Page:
BP starts producing gas from Juniper off Trinidad & Tobago

BP’s Trinidad and Tobago unit, BPTT produced first gas from the Juniper development, the company’s fifth of seven major upstream start-ups planned for 2017. 

The project is expected to boost BPTT’s gas production capacity by an estimated 590 million standard cubic feet a day, BP said in a statement on Monday.

With an investment of approximately $2 billion, Juniper is BP’s first subsea field development in Trinidad. The project included the construction of a normally unmanned platform, together with corresponding subsea infrastructure.

It produces gas from the Corallita and Lantana fields via the new Juniper platform, 80 kilometres (50 miles) off the south-east coast of Trinidad in water approximately 110 metres deep. The gas then flows to the Mahogany B hub via a new ten-kilometre flowline that was installed in 2016.

Another major project in Trinidad, the Trinidad onshore compression project, began operations in April, while in June BPTT sanctioned the development of the Angelin gas field, which is expected to start production in late 2019.

BPTT has also made two gas discoveries which may support future developments offshore Trinidad.

Combined, the new developments will provide additional volumes for Atlantic LNG plant and help alleviate the gas shortages that have caused a significant drop in LNG production over the last two years.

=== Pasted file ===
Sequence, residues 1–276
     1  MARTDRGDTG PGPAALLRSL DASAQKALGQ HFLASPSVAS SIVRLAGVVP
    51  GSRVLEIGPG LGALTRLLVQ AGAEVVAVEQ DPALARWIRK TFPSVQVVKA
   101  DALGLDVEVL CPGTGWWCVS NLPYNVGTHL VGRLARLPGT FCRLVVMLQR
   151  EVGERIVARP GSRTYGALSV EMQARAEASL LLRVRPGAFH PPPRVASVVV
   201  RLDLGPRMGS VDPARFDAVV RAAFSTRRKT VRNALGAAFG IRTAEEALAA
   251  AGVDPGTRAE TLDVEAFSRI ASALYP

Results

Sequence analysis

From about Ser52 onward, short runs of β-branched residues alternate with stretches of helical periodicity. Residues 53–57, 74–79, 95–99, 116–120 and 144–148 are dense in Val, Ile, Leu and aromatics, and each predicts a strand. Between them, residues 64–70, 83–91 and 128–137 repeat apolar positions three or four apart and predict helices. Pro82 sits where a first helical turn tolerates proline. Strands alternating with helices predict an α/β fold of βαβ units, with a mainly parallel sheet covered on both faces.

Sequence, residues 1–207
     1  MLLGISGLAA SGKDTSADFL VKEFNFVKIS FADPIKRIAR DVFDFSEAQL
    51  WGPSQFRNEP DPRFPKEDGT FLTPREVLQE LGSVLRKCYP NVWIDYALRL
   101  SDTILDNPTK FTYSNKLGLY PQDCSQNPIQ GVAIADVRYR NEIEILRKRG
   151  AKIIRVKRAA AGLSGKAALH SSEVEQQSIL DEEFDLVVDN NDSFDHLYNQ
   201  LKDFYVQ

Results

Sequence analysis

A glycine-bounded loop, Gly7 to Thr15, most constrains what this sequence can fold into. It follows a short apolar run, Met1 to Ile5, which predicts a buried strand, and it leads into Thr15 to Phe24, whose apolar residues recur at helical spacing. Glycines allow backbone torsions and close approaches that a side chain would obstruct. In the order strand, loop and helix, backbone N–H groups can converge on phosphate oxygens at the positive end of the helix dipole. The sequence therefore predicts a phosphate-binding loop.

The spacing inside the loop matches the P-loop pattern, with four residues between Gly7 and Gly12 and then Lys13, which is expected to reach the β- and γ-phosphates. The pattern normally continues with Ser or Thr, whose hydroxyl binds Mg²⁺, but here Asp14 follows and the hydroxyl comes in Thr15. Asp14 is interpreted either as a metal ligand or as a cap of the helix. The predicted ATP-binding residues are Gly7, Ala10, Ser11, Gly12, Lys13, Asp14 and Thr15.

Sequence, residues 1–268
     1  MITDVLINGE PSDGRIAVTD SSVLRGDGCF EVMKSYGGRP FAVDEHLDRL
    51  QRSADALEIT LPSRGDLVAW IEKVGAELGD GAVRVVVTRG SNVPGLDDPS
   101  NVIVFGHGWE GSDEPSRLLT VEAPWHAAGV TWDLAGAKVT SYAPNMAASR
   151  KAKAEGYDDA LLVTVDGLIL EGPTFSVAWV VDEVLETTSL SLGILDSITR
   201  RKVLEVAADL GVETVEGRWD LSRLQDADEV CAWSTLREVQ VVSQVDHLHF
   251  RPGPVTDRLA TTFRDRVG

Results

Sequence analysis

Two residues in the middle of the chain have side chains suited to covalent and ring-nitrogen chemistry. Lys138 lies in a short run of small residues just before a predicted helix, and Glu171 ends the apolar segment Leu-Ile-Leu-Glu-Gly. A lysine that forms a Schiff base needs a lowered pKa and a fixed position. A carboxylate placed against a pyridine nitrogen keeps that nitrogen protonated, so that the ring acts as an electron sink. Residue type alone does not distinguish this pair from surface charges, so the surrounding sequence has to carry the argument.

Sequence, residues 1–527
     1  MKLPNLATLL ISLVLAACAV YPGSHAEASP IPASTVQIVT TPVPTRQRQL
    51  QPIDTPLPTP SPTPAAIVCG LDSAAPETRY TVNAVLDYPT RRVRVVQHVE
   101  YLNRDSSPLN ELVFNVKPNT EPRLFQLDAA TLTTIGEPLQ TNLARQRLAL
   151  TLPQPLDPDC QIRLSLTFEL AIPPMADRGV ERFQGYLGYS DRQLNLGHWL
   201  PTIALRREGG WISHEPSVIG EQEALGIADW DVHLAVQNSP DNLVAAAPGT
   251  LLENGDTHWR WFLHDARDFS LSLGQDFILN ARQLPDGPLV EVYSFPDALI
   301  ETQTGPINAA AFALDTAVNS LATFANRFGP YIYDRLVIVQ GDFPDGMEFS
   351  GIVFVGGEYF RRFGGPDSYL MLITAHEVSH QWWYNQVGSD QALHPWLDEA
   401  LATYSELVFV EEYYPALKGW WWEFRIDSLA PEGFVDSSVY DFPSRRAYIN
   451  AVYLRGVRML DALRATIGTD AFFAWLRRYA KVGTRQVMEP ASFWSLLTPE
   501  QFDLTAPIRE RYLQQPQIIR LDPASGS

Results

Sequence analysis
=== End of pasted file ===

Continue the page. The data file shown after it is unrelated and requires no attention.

Production begins at Persephone in Australia

The Persephone project off the coast of Western Australia is operated by Woodside Energy and is part of the North West Shelf project joint venture.

The development comprises two subsea wells tied back to the existing North Rankin complex by a 7km flowline.

Located about 140 kilometres north-west of Karratha, Western Australia in the water depth of around 125 metres, at peak production the project is expected to produce around 48 mmscfd of gas net for BP that holds a 16.67 percent in Persephone.

Previously this year, BP started up the first phase of the West Nile Delta development in Egypt, the Trinidad Onshore Compression project and the Quad 204 redevelopment in the UK.

Speaking of this year’s startups, Bob Dudley, BP’s CEO, said, “this year’s projects will deliver a key part of the 800,000 barrels equivalent a day production from new projects that we expect by the end of the decade.”

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